Background: On-site cardiac surgery is not widely available in developing countries despite a high prevalence of coronary artery disease.
Objectives: To analyze the safety, feasibility and cost-effectiveness of transradial percutaneous coronary intervention without on-site cardiac surgery in a community hospital in a developing country.
Methods: Of the 174 patients who underwent PCI for the first time in our center, we analyzed two groups: stable coronary disease and acute myocardial infarction. The primary endpoint was the rate of complications during the first 24 hours after PCI. We also analyzed the length of hospital stay and the rate of hospital readmission in the first week after PCI, and compared costs between the radial and femoral approaches.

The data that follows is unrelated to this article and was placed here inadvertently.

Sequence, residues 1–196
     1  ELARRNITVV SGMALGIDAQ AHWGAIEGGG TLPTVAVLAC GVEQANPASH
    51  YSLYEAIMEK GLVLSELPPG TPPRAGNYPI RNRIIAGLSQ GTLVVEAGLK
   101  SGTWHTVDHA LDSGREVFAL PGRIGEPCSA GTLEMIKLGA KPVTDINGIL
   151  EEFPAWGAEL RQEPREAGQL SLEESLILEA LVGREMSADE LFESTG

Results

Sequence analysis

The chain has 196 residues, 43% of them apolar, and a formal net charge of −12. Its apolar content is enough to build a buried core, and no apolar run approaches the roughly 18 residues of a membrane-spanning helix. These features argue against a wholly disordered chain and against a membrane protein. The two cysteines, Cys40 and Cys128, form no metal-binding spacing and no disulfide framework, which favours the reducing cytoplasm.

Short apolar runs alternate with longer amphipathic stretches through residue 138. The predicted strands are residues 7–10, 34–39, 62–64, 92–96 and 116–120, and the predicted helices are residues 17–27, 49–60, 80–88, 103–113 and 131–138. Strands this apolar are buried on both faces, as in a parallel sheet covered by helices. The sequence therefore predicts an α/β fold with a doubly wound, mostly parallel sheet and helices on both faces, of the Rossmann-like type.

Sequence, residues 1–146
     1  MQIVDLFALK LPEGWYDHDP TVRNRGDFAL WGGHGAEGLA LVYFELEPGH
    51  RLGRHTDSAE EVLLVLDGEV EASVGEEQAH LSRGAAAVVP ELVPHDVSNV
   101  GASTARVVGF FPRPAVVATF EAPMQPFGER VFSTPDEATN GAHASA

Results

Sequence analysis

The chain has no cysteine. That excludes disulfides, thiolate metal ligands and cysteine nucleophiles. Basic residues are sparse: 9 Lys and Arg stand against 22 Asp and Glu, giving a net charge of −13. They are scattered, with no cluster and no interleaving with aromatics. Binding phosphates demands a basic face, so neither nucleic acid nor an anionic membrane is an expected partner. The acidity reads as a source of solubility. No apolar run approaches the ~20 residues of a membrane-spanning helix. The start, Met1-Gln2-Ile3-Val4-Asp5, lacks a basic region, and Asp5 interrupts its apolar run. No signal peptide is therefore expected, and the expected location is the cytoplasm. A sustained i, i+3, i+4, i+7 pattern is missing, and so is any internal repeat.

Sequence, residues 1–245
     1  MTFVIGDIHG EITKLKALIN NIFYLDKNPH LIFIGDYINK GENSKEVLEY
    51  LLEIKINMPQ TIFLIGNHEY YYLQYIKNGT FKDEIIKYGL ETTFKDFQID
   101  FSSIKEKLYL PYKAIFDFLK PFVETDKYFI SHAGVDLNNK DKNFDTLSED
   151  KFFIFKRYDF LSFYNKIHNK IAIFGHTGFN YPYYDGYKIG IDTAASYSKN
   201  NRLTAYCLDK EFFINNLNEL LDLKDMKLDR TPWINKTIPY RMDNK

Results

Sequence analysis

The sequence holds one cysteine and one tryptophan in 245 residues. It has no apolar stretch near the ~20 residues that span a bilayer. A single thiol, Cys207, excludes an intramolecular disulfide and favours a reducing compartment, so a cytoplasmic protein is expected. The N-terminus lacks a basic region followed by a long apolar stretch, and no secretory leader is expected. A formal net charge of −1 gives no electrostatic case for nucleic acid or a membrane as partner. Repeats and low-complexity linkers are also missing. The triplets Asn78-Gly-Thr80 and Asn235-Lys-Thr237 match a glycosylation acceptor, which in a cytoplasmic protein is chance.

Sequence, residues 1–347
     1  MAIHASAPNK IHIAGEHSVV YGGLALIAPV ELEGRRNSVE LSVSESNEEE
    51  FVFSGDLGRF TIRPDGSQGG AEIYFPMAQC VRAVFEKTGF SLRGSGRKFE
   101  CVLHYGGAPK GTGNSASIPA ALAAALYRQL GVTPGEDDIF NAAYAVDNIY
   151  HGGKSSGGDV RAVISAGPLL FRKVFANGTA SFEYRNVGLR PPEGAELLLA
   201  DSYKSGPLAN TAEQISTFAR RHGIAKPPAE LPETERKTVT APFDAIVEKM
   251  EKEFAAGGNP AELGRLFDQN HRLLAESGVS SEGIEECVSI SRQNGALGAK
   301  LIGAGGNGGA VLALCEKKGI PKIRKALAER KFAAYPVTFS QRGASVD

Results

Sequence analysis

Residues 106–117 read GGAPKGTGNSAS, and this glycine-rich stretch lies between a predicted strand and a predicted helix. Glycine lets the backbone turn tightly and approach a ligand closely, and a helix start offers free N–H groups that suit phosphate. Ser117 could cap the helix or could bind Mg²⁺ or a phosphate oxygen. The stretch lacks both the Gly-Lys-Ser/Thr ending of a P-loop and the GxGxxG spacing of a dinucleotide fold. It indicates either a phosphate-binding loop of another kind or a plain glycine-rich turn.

Results: The study group comprised 131 patients with stable coronary disease and 43 with acute MI. Among the patients with stable coronary disease 8 (6.1%) had pulse loss, 12 (9.16%) had on-site hematoma, and 3 (2.29%) had bleeding at the site of the puncture. Among the patients with acute MI, 3 (6.98) had pulse loss and 5 (11.63%) had bleeding at the site of the puncture. There were no cases of atriovenous fistula or nerve damage. In the stable coronary disease group, 130 patients (99%) were discharged on the same day (2.4 ± 2 hours). In the acute MI group, the length of stay was 6.6 ± 2.5 days with at least 24 hours in the intensive care unit. There were no hospital readmissions in the first week after the procedure. The total cost, which includes equipment related to the specific approach and recovery room stay, was significantly lower with the radial approach compared to the femoral approach (US$ 500 saving per intervention).
Conclusions: The transradial approach was safe and feasible in a community hospital in a developing country without on-site cardiac surgery backup. The radial artery approach is clearly more cost effective than the femoral approach.